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The GOP's plan for the Department of Energy
 and the Environmental Protection Agency
For decades, Republicans have sought to weaken or eliminate government departments and agencies. They're at it again. This time the target is the 40-year-old Environmental Protection Agency. And the 34-year-old Department of Energy. The scheme: Merge them.

The sponsor of the bill that would do this is North Carolina Sen. Richard Burr. So far, he's picked up 15 co-sponsors for a plan that he claims would save $3 billion a year by getting rid of waste and duplication.

The EPA has been under siege for some time, but never more so than now, with the likes of former House Speaker Newt Gingrich and his fossil fuel-funded American Solutions for Winning the Future having proposed the complete abolition of the agency earlier this year. Not that Gingrich isn't serious. But, like many of his and other proposals from the right, this one gives Republicans the chance to put forth plans look moderate in comparison because they only take few steps in the same extremist direction even though they have the same ultimate destination.

A decade and a half ago, Gingrich sought to get rid of the Department of Energy. Then and now, Republicans have fought to remove renewable-energy programs from DOE, or failing that, to slash their spending. In the House Republican-passed budget, they axed $438 million in such spending while leaving fossil-fuel subsidies untouched. When temporarily stymied in their ultimate goal, Republican extremists don't go on a despairing drinking binge, they try an end run or another approach. Eventually, they find a position that will get enough votes to ensure passage. And when they've passed that, they'll begin chipping away. Check out abortion legislation for examples.

How would it work to merge two agencies with such disparate mandates, one to encourage energy innovation and handle the nation's nuclear weapons, the other to protect our health and the environment? Not every well, as Joe Romm at Climate Progress points out. Different mandates, different cultures. And if the merger gums up the works, it gives the Republicans ammunition to move toward the real goal, complete abolition of the combined agencies. Says Romm, who worked for DOE in the '90s:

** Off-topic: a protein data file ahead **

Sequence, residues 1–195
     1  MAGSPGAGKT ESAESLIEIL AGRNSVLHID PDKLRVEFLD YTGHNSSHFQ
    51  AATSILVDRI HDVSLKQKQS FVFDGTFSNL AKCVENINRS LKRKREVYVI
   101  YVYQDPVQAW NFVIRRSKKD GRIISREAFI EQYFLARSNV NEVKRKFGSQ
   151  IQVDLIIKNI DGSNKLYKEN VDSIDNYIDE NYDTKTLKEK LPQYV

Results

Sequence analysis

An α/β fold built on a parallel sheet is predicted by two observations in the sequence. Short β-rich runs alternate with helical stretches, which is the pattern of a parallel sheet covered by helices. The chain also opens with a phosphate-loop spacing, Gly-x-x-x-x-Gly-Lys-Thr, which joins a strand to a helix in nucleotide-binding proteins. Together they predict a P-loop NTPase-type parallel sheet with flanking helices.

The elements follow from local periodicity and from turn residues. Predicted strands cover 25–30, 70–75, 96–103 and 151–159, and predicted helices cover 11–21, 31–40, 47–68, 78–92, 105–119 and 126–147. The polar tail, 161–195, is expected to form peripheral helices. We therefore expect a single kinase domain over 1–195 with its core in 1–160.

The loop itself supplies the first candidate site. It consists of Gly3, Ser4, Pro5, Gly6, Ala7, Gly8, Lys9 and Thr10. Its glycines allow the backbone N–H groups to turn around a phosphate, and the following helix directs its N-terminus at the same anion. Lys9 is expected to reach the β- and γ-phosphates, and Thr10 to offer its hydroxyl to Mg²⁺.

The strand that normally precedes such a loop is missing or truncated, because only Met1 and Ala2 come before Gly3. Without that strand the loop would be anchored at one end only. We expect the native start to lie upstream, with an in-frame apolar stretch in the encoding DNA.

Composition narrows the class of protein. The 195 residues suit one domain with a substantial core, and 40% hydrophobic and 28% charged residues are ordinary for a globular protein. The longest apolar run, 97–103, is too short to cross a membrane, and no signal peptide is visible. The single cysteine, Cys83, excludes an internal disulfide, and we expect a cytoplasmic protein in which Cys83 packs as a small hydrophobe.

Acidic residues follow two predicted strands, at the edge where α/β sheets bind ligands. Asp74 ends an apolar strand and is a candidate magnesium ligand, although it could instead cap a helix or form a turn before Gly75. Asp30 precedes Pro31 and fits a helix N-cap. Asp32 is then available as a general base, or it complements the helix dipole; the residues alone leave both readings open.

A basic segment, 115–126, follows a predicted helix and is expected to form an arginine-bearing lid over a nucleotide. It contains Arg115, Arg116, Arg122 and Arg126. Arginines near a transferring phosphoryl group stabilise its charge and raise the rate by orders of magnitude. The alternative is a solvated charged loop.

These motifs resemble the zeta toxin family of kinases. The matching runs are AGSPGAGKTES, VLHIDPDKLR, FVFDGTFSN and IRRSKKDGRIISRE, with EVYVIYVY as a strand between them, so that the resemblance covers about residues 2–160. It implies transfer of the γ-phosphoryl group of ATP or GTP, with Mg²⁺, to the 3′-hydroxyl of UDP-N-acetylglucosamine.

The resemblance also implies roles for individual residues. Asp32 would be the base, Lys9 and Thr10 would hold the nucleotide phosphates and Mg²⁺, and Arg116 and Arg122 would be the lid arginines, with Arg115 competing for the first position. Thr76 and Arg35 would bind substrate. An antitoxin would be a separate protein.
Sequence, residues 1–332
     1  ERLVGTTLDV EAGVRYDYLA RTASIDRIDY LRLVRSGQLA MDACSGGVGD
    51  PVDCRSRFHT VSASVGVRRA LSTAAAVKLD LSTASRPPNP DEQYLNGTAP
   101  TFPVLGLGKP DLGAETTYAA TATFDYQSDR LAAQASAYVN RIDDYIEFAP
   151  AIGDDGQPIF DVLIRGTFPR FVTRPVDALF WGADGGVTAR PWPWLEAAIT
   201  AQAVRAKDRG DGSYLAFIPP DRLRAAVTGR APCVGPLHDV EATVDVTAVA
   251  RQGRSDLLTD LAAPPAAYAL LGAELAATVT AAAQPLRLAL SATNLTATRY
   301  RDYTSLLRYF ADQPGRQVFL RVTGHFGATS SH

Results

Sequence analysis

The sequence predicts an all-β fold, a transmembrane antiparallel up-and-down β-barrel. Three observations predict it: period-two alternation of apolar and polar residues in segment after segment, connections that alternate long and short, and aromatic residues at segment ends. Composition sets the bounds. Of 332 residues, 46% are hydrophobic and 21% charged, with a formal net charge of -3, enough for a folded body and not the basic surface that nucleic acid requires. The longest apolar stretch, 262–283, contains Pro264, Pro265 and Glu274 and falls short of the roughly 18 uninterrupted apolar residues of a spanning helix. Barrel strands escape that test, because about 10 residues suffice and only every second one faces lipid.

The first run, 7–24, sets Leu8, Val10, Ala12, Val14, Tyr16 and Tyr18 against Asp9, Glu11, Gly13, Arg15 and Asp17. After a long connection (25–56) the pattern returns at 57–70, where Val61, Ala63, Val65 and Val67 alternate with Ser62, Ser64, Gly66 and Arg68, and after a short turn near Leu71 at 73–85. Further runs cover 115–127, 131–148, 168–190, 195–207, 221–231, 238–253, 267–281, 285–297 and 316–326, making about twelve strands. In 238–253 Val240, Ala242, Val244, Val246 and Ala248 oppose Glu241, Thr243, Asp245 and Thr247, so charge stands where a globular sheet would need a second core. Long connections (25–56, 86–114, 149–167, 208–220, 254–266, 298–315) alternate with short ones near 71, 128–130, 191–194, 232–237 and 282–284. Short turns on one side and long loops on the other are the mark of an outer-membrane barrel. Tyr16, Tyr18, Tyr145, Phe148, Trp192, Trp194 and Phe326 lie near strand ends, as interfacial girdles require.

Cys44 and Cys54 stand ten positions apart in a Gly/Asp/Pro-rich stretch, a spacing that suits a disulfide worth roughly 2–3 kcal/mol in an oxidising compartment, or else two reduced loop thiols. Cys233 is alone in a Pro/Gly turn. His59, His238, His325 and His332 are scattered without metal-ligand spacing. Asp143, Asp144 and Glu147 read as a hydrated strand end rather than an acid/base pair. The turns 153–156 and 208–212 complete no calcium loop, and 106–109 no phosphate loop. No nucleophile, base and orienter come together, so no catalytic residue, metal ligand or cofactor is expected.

Yes, they both have a General Counsel’s office, for instance — but DOEE would still need the lawyers from both EPA and DOE since they do completely different things and require completely different sets of expertise.  What this would allow the GOP to do is to cut the combined operations budget and staffing, thereby crippling both agencies, all in the name of “streamlining.”

Equally important, this would remove a voice from the Cabinet meetings– either a Lisa Jackson or Steven Chu.  These meetings are already dominated by economic agencies or those who don’t have either an environmental or clean energy expertise.

Also, combining a regulatory agency with an agency that advocates for and serves the need of those regulated industries is widely seen as a disastrously bad idea.

But this disaster serves the needs of the regulated industries. That's the whole point.

Hamstringing EPA's Supreme Court-approved regulation of greenhouse gases and its other pollution-controlling actions is precisely what's on the agenda of Burr and the other science-rejectors who have agreed to join him in this extremist proposal masquerading as "efficiency." It is, at its core, the same scheme other Republicans are running at the state level.Like Paul Ryan and his pals who want to whack Medicare and Medicaid, they can pretend this is about good government and saving the very things they are bent on demolishing. It's really all about making things cushier for their benefactors in the regulated industries. If your first proposal doesn't succeed, try and try again.